that said, i've heard good things about sitting in front of katsu-san at tama in studio city. have only tried the table omakase there, which could have been better, but just to throw it out there.

        2. Asanebo is probably 20-min drive from Silverlake/DT area on a good day--very good sushi & the chefs really care about what and whom they serve.

          4 Replies
          1. re: fdb

            Asanebo is on my list to consider, I wish it had a better interior though.

            1. re: cls

              Problem is you stated you wanted sushi, nothing fusion. Although Asanebo does serve sushi, it is not their forte. I have had omakase there several times (although it's been a while) and I don't remember being served any nigiri, mostly sashimi and fusion style dishes, I remember a warm spinach salad, some great soups, toro tartare with caviar, once a kobe beef dish, lots of sashimi, etc.

              1. re: markn

                I guess it depends on the night. Last time I was at the bar for omakase, there was plenty of nigiri. To clarify, sashimi is fine, I originally used sushi as a term to describe a restaurant type and to contrast a more "Japanese" style from a fusion style.

                1. re: cls

                  My omakase lunch also did include excellent nigiri, and of course sashimi and other very well-cooked dishes. Can't help with the interior though. Btw, I've given Yuzando's nigiri two chances but was very very disappointed both times.

          2. OTOM
            (310) 391-8011
            3936 Sepulveda Blvd
            Culver City, CA 90230
            Sit with Shige-san.
            Call in advance, ask him to prepare for you an omakase special.
            If you not 100% happy, I'll eat the monitor in front of me. Raw.

            4 Replies
            1. re: RicRios

              I don't think he's still there.

              1. re: cls

                New owner a couple months ago.
                Also new name, something generic like "Sushi Bar".

                1. re: cls

                  Shige-san has returned. Or at least, he was the chef working the last time I went there for omakase. Taka-san is not bad either.

                2. re: RicRios

                  My fave is Pancho (the weightlifting chef) but he's only there certain days. Pancho isn't his real name, btw.

                3. Not near Silverlake, but maybe sitting in front of Ken-san at Kiriko (on Sawtelle) may sate you.

                  You may actually find your 'Holy Grail' at Yuzando, on Sawtelle. Not crowded, and they have good fresh traditional sushi, including excellent kinmedai and tairagai the last time I went.

                  R23 has gone downhill lately. Steeply.

                  A word about "rapport"... I consider myself a fellow sushi "snob", but I've always not quite understood the need for all that banter between customer and itamae. I mean, my mouth is chewing most of the time, not talking. Asking your itamae what's fresh is OK (albeit kinda offensive if you consider that most itamae takes great pride in his offerings that day). Letting him know your food allergies is definitely OK. But after that, as long as you're smiling from the great meal, respecting the chef and his choices, and tipping (very) well at the end, I think that's what it's all about. Certain very able itamae out there do occasionally get sick of having to drink all that alcohol (BTW if you must buy him a drink, most Japanese prefer beer, not sake), and listening to so-called-foodies talk on and on...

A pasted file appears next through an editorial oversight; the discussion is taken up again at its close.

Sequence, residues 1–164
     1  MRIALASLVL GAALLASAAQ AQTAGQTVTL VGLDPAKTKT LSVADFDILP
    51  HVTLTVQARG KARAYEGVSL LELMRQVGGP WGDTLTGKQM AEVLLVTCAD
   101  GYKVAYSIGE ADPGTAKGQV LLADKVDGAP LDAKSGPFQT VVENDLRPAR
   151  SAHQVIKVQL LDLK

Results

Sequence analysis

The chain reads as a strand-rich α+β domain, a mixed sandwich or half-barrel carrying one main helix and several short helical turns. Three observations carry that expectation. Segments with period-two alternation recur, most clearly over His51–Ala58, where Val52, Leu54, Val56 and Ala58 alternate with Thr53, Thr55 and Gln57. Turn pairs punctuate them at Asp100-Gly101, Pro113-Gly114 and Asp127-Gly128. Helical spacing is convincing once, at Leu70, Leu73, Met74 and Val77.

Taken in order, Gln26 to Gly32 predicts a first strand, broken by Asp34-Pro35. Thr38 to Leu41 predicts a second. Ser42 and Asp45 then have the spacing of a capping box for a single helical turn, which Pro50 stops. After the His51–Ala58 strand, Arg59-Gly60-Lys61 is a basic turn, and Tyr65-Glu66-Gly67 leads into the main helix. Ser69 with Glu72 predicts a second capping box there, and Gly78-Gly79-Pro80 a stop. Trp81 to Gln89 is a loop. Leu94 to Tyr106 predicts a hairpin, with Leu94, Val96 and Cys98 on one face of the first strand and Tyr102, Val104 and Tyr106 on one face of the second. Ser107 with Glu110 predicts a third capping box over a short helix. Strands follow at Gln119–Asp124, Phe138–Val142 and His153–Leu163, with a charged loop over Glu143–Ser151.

3 Replies
                  1. re: J.L.

                    About rapport: to me it means a variety of things and you're right, not necessarily talking. When I first started learning about sushi one of the chefs at Iroha was very friendly and helpful and would spend the meal explaining everything (he now works at Asanebo.) When I used to frequent Take Sushi, Nobu was the keystone cop of rapport. At Mori, I feel there is a great rapport even though he is a man of few words, same with Shige at Shibucho.

                    Rapport-less include: places that just want you in and out quickly (Sushi Gen although the fish is good) Nishimura, reason stated previously, Most trendy spots where the itamae doesn't really practice a craft, it's just making food.

                    I will look into Yuzando.

                    1. re: cls

                      How about Nozawa... the king of no-rapport sushi.

                      Mr Taster

                      1. re: Mr Taster

                        IMO also the king of decent fish brined beyond recognition.
                        Although I like Mr. Nozawa and I would say I have a rapport with him. We have disagreed about eel and sancho though...